The time spent massaging a cat or dog can also help fight depression as focus moves away from self and toward pet wellness. Research professor Dr. Johannes Odendaal of Life Sciences Research Institute tested the effect of petting a dog on the human brain. The before and after results revealed that cortisol, a stress related neurochemical, decreased following a dog petting session. Other neurochemicals connected to feelings of happiness and positivity also increased. While these findings were directly related to simple petting, massage is thought to obtain the same results.

A Day at the Spaw

You may be surprised at how easy it is to get your pup or kitty to warm up to daily massage therapy. “Massage is such a healthy, rejuvenating thing,” explains Jeanna Jurkowski, a certified Animal Massage and Care Provider and owner of Loving Touch Pet Massage and Care (www.lovingtouchpetmassage.com) in Las Vegas, one of many pet massage services available to local residents. In Jurkowski’s practice, ‘pet parents’ bring their animals to her for a relaxing dose of therapy. Using observational techniques, she strives to build trust with pets and introduce them to the wonderful world of massage. “Eventually,” she says, “the animals start to ask for it. They learn to understand and appreciate it.”

Jurkowski employs a method known as IPTouch, designed to improve both a pet’s body and spirit. With this method, initial techniques loosen the skin and help increase circulation. Once past this initial stage, she waits for cues from the animals to go deeper with the massage. If they pull away, she knows it’s not time yet. However, if they move closer, she understands that the pet is basically communicating they want more, and she’s quite willing to meet that request.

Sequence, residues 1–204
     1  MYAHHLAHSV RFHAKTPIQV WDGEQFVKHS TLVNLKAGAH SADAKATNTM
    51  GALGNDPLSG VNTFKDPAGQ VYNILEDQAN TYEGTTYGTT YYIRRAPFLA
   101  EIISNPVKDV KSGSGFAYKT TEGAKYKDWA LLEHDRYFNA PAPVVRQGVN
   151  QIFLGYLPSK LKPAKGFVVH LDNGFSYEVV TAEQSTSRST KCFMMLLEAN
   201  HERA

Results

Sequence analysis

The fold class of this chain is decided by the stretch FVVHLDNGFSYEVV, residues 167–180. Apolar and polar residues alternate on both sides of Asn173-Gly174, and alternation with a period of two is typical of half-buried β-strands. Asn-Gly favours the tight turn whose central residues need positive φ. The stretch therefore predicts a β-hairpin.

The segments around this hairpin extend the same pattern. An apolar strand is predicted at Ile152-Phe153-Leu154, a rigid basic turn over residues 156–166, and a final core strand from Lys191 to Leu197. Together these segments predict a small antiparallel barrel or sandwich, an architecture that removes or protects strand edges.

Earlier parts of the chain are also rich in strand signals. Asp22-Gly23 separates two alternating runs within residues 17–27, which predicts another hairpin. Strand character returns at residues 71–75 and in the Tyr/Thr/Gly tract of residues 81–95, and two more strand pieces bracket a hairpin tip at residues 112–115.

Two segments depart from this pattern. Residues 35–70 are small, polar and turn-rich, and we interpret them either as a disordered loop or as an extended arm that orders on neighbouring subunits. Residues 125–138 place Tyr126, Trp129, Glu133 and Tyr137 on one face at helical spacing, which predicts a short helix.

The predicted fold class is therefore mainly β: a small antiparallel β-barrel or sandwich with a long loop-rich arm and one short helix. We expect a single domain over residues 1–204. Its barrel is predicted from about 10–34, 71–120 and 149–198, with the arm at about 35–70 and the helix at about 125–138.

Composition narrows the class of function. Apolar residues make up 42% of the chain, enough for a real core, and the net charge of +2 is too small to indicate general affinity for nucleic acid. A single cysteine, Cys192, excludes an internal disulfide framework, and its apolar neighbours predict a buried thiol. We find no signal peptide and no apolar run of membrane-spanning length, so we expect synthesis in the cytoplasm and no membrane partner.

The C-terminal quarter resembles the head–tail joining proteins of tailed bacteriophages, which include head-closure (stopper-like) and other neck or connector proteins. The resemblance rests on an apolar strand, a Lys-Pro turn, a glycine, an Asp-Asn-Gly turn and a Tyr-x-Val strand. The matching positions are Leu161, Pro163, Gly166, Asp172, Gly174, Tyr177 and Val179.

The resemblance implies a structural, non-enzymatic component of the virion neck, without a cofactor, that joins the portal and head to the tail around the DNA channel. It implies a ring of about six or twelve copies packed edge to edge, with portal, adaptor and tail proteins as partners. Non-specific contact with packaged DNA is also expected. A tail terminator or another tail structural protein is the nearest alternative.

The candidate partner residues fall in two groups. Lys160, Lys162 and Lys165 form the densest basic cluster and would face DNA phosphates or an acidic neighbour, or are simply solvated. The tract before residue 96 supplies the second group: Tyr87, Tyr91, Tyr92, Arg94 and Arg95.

Of course, the pet’s parents are included in the process, as they are encouraged to stay with their pets during the massage. Jurkowski then assigns ‘homework’ for them, demonstrating different massage techniques designed to improve the pet’s blood flow and circulation. By continuing the process at home, parents help keep the process going, which ultimately yields greater benefits.

Try This At Home

If you’d rather explore pet massage on your own, Dr. Cheryl Schwartz, D.V.M. and author of Four Paws, Five Directions, offers helpful tips. For shoulder blades, over the rump area and down the midline of the chest to include between the front legs, she recommends a rubbing motion known as friction. Using the tips of your fingers, apply pressure in a forward and backward motion, beginning slowly, about one per second, and gradually increasing to two per second. Abdominal and larger muscle groups along the neck and back respond better to longer strokes using the flat of the hand and fingertips. Like Jurkowski, Dr. Schwartz watches for signals from the animal and adjusts pressure accordingly to ensure maximum canine or feline relief. Don’t forget to perform a bit of preventative health care along the way, searching for abnormalities that may include unusual swelling, lumps or heat. Any spot of concern should not be massaged and instead reported to your veterinarian.

Pet massage is more than just a passing fad. By making it a part of your furry companion’s daily routine, you just might find those relaxing sighs put you both in a better state of mind.